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The Best Used Tech to Buy (and Sell)

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Buying used tech (and reselling it later) is a win-win. It’s good for the environment and good for your wallet. But to get the most for your dollar, it’s useful to know which items tend to hold their value over time—and which ones depreciate at the drop of a hat. That way, you can strategically plan your purchases so you’re keeping as much money as possible in your pocket.

The Gadgets That Hold Their Value

When you browse sites like Craigslist, eBay, and others, it’s clear that some products are fetching prices closer to their original retail cost than others. Apple is a great example: “iPhones, MacBooks, and Apple Watches are popular products to buy and sell used,” says Sara Beane, Media Relations Specialist at Swappa. “The market shows that it values Apple products over time, and that they tend to depreciate slower over time.” If you look at the data for phones sold on Swappa, it’s clear that iPhones stay closer to their original MSRP during the first two to three years compared to competing products. After that age, the gap closes, while iPads, MacBooks, and Apple Watches continue to keep their wide gap past those first few years.

Beane notes that there are products on both smartphone platforms that hold their value well, though. Samsung’s Galaxy line and Google’s Pixel line, for example, lag behind iPhones a tad but hold their value better than many competing Android brands.

The same goes for other well-known brands that are best-sellers on the new market. “Typically, items that sell best on our platform are well-known technology brands such as Apple, Samsung, PlayStation, Xbox and Nintendo,” explains Brandon Vaughan, spokesperson for OfferUp. Even if there’s a lot of supply, high demand keeps these products selling well—so you can be pretty confident there’ll be a buyer for that PS4 you bought just to play God of War. Even if your product category is a bit more niche, you may find the top brands in that hobby hold their value longer. I’ve seen this anecdotally with some cameras and audiophile headphones, for example—though less so with audiophile speakers, since their size necessitates local sales where demand may be slim.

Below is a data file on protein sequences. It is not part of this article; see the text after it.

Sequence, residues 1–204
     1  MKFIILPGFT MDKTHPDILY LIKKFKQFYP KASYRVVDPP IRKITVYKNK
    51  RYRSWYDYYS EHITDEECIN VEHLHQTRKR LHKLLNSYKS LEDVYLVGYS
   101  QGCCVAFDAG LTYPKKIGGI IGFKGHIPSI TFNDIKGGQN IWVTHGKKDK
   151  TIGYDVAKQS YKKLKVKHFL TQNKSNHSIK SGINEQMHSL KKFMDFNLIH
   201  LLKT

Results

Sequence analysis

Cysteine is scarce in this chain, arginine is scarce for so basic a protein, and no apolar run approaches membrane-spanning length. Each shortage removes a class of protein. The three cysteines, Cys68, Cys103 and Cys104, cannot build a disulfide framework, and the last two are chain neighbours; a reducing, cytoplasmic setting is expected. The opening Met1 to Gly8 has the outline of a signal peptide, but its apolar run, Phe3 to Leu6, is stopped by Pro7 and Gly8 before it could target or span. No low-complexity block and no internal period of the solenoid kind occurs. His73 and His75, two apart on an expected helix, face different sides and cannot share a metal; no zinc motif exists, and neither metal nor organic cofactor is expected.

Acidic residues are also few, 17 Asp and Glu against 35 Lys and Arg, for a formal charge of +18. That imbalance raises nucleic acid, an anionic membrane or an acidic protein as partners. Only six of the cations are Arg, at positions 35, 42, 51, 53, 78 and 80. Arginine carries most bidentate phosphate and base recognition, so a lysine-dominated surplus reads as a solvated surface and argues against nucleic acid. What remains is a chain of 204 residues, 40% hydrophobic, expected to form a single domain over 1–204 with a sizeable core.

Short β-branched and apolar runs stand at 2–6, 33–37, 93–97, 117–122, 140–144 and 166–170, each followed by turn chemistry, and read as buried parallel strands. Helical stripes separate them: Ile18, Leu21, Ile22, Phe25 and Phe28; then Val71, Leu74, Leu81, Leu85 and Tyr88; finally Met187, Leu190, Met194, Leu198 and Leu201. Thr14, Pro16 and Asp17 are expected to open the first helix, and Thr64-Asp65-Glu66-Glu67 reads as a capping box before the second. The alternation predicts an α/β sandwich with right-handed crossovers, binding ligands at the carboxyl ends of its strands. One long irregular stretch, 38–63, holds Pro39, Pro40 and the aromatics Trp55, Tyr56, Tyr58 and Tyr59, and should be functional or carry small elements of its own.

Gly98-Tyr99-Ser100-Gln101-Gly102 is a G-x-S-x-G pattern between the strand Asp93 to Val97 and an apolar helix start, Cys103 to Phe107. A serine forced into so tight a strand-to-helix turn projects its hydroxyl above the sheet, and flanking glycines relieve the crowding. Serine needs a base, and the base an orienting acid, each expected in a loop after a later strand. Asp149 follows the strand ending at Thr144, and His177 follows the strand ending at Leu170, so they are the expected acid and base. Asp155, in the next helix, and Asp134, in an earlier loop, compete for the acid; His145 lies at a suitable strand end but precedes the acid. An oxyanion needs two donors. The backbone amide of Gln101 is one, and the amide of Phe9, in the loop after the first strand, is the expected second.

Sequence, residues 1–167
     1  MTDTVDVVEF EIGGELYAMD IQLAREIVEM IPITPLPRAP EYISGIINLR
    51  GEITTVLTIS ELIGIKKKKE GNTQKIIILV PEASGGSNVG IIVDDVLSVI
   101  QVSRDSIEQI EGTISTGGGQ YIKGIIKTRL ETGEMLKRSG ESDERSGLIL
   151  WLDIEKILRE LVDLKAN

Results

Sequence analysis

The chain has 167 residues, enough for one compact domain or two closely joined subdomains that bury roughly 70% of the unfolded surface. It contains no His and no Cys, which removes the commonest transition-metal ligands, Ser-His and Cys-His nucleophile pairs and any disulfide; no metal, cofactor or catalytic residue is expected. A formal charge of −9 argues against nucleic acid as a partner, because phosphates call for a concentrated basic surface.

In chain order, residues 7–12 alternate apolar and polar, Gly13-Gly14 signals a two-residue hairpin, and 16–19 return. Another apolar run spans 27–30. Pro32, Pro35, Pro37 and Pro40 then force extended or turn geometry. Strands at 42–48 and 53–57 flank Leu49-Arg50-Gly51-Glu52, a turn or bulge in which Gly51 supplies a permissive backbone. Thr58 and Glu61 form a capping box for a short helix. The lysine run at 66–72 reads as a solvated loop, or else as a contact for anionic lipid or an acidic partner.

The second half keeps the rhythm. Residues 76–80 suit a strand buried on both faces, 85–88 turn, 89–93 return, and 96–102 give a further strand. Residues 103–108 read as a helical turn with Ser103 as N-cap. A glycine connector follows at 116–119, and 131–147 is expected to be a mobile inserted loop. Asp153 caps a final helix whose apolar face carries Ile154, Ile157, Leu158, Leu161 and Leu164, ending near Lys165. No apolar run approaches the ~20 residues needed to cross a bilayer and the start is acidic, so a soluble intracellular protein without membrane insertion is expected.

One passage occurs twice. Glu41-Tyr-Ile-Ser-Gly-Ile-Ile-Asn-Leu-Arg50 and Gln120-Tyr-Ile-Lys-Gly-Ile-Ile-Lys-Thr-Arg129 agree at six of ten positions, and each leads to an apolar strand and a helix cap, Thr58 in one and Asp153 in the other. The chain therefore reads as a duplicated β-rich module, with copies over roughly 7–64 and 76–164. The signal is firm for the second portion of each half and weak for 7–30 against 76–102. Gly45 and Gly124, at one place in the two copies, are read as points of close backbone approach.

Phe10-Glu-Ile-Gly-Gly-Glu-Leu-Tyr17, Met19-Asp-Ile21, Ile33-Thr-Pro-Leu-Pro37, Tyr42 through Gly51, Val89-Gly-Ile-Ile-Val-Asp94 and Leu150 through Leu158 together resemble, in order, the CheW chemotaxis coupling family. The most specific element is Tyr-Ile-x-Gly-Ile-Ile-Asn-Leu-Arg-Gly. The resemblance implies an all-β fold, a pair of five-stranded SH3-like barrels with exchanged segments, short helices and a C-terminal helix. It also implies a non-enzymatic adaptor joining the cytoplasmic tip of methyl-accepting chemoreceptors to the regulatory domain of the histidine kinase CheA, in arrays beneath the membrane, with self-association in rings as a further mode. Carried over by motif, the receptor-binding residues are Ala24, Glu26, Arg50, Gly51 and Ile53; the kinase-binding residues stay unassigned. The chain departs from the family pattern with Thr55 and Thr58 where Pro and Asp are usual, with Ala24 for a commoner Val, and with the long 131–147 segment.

Keep in mind that these things can fluctuate over time too. Both spokespeople noted that video game systems sold extremely well during the pandemic, thanks to high demand from people staying at home, with the Switch skyrocketing above its retail price thanks to stock shortages. So while brand name and popularity are a big component in long-term value, seasonal surges and outside factors also play a huge role. When a new iPhone comes out, for example, the last generation starts to drop in value quickly—so if you have a spare phone on hand, it might be worth selling last gen’s option a few weeks before Apple drops new models to pocket a bit more cash.

The Gadgets That Depreciate Quickly

Not all items are in such high demand, though. In many other cases, selling a used gadget may come with more significant loss.

Take, for example, those Android phones mentioned above. While Galaxy and Pixel phones tend to hold their value decently, other lower-demand Android phones depreciate faster. Looking at Swappa’s stats on the LG G8 ThinQ, for example, reveals a slightly lower average selling price than for the Galaxy S9—even though LG’s offering is a whole year newer and was priced higher at launch. The demand just isn’t there.

From anecdotal experience, I’ve found the same is often true for laptops. While popular, highly rated laptops like MacBooks can sell for decent prices, many Windows laptops—especially lesser-known budget or midrange models—seem to lose a ton of value as soon as you drive them off the proverbial lot. (I scored a brand-new Acer Aspire 5 on OfferUp for less than half its retail price a few years ago, despite it’s being a solid performer even today.) It’s hard to pinpoint the exact reasons for this, but it’s likely that the Android and Windows ecosystems have so many manufacturers and product lines that demand for any one specific model is lower compared to specific, high-demand competitors like MacBooks. So people tend to shop with a bigger focus on price than getting the specific item they want.

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